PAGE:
• David Panitch

The 5 Functional Traits Of A Software Selection Team



The Five Dysfunctions of a Team: A Leadership Fable by Patrick M. Lencioni examines how teams fail to work harmoniously by perpetuating certain behaviors. It’s a very good business book, but since I prefer to put a positive spin on things, I’m going to turn it on its head and discuss the traits that make teams functional in the context of a software selection team.


Software selection involves considering and comparing the available options based on a wide range of technical and non-technical factors. While an organization may be aware of the needs it’s trying to address through the required software, these needs might not always translate directly into existing solutions; realizing what to invest in, and how to tailor it to fit just right, requires considerable domain expertise.


But the fact that domain expertise is relevant in as technical a domain as software development and deployment shouldn’t come as a surprise to anyone. What should surprise you is the relevance and importance of the underlying interpersonal qualities that deeply affect the functioning of any team. Software selection may be a technically-guided and nuanced process, but it is still privy to the pitfalls that may befall any activity that is subject to a “team”.


So, without further ado, let’s take a look at five traits that are critical to software selection teams, and examine how they are liable to affect the process of selection.


1. Trust

Trust is essential to team function regardless of what field that team is active in. When it comes to a process like software selection, which has multiple stakeholders across multiple levels of an organization, trust and confidence in one another becomes even more relevant.


Consensus and consistent vision are both integral to the selection process. Individuals who are part of the team must always be aware of their own and their teammates’ strengths and weaknesses with regard to their roles on the selection team. It is important to sensitively account for these weaknesses in order to maintain a positive atmosphere that is conducive to constructive feedback.


2. Healthy Conflict


Building upon trust as a precursor, healthy conflict allows teams to achieve greater efficiency toward a task by minimizing their tendency to get bogged down by elements like work politics. A healthy, competitive environment facilitates quick and well-structured problem-solving, while also allowing the team to shed light upon and subsequently focus on the critical considerations that affect the process.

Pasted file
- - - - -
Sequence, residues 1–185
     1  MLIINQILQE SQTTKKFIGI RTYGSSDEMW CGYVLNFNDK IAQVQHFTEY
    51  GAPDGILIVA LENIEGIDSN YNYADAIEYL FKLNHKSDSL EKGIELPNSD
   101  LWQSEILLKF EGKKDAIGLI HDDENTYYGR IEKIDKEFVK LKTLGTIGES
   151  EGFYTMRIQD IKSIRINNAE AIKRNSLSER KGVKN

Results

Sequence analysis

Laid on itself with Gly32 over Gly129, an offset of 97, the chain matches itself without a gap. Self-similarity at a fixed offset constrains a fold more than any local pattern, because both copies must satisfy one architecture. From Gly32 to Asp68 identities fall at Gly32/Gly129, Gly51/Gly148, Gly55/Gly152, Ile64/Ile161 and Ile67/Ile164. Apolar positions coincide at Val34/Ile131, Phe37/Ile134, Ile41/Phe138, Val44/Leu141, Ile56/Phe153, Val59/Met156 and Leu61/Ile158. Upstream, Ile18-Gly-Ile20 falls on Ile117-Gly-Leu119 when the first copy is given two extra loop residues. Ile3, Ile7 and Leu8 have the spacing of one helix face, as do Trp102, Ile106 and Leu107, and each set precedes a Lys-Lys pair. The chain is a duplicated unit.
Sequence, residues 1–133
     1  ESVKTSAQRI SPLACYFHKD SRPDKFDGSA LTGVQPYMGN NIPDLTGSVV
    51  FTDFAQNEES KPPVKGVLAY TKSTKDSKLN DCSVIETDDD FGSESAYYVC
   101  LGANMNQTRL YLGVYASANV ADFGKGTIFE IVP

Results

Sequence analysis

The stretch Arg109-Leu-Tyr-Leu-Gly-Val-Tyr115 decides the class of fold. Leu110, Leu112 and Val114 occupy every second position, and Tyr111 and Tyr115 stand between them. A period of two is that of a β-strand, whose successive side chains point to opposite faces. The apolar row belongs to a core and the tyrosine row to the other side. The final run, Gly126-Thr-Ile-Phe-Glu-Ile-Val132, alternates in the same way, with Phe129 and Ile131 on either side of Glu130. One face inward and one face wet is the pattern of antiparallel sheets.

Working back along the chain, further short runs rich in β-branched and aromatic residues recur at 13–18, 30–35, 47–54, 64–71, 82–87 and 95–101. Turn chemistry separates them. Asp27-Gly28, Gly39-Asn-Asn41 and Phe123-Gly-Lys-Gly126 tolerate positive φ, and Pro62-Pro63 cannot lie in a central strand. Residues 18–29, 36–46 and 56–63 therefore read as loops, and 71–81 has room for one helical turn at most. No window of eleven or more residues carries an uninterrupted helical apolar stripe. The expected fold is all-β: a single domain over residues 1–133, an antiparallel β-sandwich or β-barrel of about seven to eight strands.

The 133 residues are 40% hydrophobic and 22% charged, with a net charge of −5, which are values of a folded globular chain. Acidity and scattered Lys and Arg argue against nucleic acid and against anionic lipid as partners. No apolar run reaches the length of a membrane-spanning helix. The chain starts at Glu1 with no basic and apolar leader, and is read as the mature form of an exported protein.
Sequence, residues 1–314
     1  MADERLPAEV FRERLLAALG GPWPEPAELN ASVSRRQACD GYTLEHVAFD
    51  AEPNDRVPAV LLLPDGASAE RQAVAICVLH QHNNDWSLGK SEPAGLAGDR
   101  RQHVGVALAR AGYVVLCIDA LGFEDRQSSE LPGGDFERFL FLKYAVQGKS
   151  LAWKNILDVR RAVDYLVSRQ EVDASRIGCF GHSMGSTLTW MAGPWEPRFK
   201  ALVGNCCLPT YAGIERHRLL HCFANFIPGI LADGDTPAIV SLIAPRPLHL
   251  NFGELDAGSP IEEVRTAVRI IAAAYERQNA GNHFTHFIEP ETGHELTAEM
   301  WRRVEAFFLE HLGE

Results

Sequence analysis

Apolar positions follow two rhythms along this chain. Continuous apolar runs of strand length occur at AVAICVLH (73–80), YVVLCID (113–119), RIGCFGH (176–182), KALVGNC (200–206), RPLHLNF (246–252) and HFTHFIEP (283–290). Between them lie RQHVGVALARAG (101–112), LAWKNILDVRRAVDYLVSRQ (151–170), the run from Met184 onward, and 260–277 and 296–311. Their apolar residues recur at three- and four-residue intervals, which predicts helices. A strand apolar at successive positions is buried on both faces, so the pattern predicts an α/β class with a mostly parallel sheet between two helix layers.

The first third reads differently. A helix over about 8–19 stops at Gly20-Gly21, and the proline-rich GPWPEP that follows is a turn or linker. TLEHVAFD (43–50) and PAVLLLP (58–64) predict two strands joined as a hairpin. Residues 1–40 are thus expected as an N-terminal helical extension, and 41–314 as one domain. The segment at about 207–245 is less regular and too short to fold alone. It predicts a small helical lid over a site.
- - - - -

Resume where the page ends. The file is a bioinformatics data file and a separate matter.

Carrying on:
In the selection process this may occur when one department feels that a particular requirement or functionality should be rated more importantly than another department’s requirement. Not all requirements are equal, and not all departments will get absolutely everything that they want with a new software solution. Some hard decisions need to be made and can be by a highly effective team.


3. Commitment


When it comes to software selection, commitment and dedication play a critical role in informing how the process is structured. Especially as it relates to the people leading the process, foresightedness and commitment to a clear vision help achieve consistent, steady progress. The team leader’s ability to reinforce this commitment to their team members helps the entire team cohesively work towards a common goal while functioning like a well-oiled machine.


This is as relevant in the initial stages of selection when an organization is trying to decide on a budget and analyze their needs to when demos are critiqued and people are vying for their needs over the entire organization’s needs.


4. Accountability


Of course, trust and healthy conflict can do little to support team activities in the absence of accountability. Maintaining accountability across multiple levels of hierarchy helps the selection remain positive, where all actions are meant to achieve constructive results instead of to undermine.


This also helps individuals take ownership of their roles within the process and minimizes wasted effort. The work of a software selection team is temporary, but the lack of accountability could leave a permanent scar on the project. If everyone has the same level of accountability, the team has an excellent success rate in crossing the decision finish line.

5. A Results-Oriented Approach


The software selection process is a journey and requires a team to focus on objectives and achievements and not harp on the trivial elements of the process. An approach that focuses on the results of the selection process allows the team to minimize individualistic behavior and avoid distractions. Always having the project goals and objectives in the forefront of your team’s mind will keep you focused on the best possible decision for your organization.



Selecting a major business system takes time. While I am not suggesting to slow walk your selection, don’t rush through it by checking off “boxes”. This is one of the riskiest decisions that your organization will probably ever make. You can lower your risk factors exponentially by consulting with a software selection consultant that knows your industry. Ask about their selection methodology and how they can dramatically reduce your risk of decision.


Additionally, they need to fit with your team, too since they will be leading them through the process from start to finish.


Results Technology Group provides technology solutions to our clients with best-in-class software selection, project management, and business technology leadership services. Schedule a free 30-minute technology discussion.


Subscribe to our blog, and follow us on LinkedIn and Twitter.